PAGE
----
On the “blogs are addicting” subject, yes, they are. But here’s another way to think about it: bloggers help me filter. If I’m interested in a blog’s writing, their links lead me to like-minded reading. And they help me find gems I’d never have found on my own both online and off. The bloggers I love have helped me cut through to the heart of what I really want to read about on the web, and ignore the rest of the clutter and noise.

I used to have a whole bunch of News Feeds on my blogroll (Wired, Yahoo, WSJ etc.) but it was just too much to keep up with. Now I don’t bother with any but the Hawaii ones, because if something truly is worth my attention a blogger will lead me to it. My Pubsub subscription helps me out with the whole news thing too.

You might also notice that the majority of my blog subscriptions are about business in some shape or form (yes David, you too!). I’ll stumble onto a cool diarist’s blog now and then, but unless they’re a business person, they tend not to keep my attention very long. So in my mind a blog addiction is not something you apologize for: it is truly a business learning tool.

One last thing – I don’t have a Bloglines folder name that is in reality a capsule of my favorite daily reads (which also change all the time) so don’t waste any time trying to figure it out. If your blog is one of my faves, you know who you are. And if you’re a regular Talking Story reader you know I make my favorites known in other ways; I suppose they’re pretty obvious.

Now, can we get back to Talking Story?

If you haven’t used it yet, click on this button and it’ll help you keep up!

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Comments

  1. says

    Rosa, thanks for sharing your list. I always like picking up a few new blogs. I am techy-challenged, so if I can figure out how you shared your bloglines list, I will reciprocate.

  2. says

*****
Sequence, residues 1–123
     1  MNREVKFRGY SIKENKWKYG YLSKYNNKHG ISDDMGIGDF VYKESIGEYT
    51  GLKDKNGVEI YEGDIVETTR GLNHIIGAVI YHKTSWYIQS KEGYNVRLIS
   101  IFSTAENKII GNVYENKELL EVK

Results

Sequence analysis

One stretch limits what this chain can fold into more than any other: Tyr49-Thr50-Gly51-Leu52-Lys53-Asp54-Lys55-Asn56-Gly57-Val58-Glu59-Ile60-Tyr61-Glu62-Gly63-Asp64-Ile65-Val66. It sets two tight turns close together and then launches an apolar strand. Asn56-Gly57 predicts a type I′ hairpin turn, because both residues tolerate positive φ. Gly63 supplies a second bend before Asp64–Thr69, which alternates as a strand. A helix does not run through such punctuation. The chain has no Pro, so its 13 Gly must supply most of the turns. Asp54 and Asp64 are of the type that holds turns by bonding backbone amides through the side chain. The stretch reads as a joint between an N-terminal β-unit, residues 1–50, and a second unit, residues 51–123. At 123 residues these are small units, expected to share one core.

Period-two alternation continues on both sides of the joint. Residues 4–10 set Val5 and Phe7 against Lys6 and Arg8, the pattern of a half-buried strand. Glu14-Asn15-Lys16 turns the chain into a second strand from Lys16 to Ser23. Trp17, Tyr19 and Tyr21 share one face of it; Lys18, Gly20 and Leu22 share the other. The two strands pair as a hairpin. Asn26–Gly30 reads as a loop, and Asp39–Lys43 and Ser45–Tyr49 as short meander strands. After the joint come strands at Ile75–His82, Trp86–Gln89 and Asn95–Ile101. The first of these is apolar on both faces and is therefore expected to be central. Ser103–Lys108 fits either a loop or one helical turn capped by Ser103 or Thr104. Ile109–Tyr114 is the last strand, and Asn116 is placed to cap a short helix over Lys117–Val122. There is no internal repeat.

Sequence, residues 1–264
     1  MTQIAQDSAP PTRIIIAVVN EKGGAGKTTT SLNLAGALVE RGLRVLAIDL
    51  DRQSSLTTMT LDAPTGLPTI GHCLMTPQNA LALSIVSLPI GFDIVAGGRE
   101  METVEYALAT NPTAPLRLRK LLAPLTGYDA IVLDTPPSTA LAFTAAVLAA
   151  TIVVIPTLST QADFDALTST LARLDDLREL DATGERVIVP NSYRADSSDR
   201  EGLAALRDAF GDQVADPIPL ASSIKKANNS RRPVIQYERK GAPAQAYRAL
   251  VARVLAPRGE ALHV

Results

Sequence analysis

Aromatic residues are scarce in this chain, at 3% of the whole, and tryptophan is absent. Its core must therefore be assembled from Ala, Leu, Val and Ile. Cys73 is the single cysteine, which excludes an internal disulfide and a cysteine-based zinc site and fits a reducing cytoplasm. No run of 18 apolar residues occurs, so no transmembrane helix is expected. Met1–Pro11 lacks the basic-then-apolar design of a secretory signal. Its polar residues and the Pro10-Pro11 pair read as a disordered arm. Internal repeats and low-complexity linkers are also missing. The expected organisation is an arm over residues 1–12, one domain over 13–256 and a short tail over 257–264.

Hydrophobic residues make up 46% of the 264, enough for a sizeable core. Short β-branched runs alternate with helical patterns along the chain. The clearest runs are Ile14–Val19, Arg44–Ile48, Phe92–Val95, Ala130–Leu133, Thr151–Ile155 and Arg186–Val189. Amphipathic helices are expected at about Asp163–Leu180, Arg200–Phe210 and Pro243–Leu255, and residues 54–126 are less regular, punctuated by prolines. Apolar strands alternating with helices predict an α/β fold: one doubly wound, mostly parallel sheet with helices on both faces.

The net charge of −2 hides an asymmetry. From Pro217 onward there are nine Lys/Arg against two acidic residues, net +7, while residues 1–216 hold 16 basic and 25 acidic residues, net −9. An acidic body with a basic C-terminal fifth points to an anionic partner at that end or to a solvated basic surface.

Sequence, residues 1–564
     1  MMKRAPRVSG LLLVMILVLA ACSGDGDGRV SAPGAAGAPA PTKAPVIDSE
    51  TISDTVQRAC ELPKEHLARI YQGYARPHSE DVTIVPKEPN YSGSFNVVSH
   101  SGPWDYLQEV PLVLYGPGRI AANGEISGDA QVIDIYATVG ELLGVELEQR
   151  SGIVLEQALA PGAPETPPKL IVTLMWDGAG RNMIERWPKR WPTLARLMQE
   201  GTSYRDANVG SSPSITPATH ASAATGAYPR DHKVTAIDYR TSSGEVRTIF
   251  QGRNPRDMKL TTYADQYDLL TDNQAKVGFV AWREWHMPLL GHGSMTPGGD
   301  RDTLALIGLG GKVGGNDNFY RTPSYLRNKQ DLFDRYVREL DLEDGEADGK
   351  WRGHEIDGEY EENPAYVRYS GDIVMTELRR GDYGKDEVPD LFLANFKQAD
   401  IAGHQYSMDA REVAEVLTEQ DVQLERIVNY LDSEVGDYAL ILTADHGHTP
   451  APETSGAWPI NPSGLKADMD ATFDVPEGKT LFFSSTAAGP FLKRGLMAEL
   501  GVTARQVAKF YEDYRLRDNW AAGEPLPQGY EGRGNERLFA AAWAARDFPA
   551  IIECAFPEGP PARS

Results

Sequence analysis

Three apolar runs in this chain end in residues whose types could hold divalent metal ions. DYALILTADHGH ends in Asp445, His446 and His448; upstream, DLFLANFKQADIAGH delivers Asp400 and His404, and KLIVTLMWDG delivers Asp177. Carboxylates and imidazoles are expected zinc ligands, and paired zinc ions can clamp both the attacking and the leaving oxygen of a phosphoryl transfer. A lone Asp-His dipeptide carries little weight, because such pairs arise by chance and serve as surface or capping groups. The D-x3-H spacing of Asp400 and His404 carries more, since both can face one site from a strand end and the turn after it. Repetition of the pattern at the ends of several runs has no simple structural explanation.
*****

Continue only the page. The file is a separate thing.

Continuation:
Aloha Lisa, thanks for stopping by, and you are quite welcome.
    The link for my Bloglines list reads like this:
    http://www.bloglines.com/public/ikeloa/
    and if yours is also public, you should be able to just replace the ikeloa part with whatever you use for your subscription name.
    Took me a while to figure it out too :-)

  3. says

    Reading and keeping up with blogs are 2 very different actions, in my opinion. For example, I with “read” through BBC News, WSJ, Engaget and NY Times for example.
    But I will “keep up” with Rosa, Wiz Speak, Terry at Fellowship, SlackerManager, Business Evolutionist and Adam Curry (and a bunch of others).
    Reading is more passive. Keeping up requires my thought and a lot of times, an action, such as a comment (or even writing down a note in my Moleskine for a future post!).
    It reminds me of voicemail. There are some calls that I don’t need to return, but there are ones that I need to call back or take an action based on the info.
    It takes time and effort, but don’t all the good things that we do?
    Todd

  4. says

    Just a quick addition to the bloglines dealio…one great way “keep up”, as Todd mentions, is to liberally use the “clip/blog this” link on each post in bloglines. This will save that particular post indefinitely, along with any arbitrary text you want to associate with it.
    I use “clippings” to keep track of posts that I’ll use as blog fodder later on, or stuff that I just want to track at a later date. I’m too lazy to make a note in my Palm every time I find something new, so I’ll just process the “clippings” every so often…
    And, geez, Rosa…thanks for the kind words!

  5. says

    Aloha Todd and Bren, mahalo for adding to this.
    Todd I like your distinction between reading and “keeping up.” When you mention voicemail it reminded me of how quickly I trained my own managers and professional associates to use email instead of voicemail for me, because email was so much quicker to scan, prioritize, and respond to. I’ve gotten to where I rehearse my voicemails before I ever leave one for somebody, because I am so cognizant of not taking up too much of their time.
    Along the way though, you also learn to invest in relationship when the personal conversations do happen.
    Bren, your clippings tip is great – I just used your technique and loved it because you pointed out adding my own arbitrary notes: I hadn’t done that before, and so my clippings ended up being just another full folder that I had to re-read instead of start to use.
    So thanks guys for sharing your ideas. Sometimes simple things can be so profound.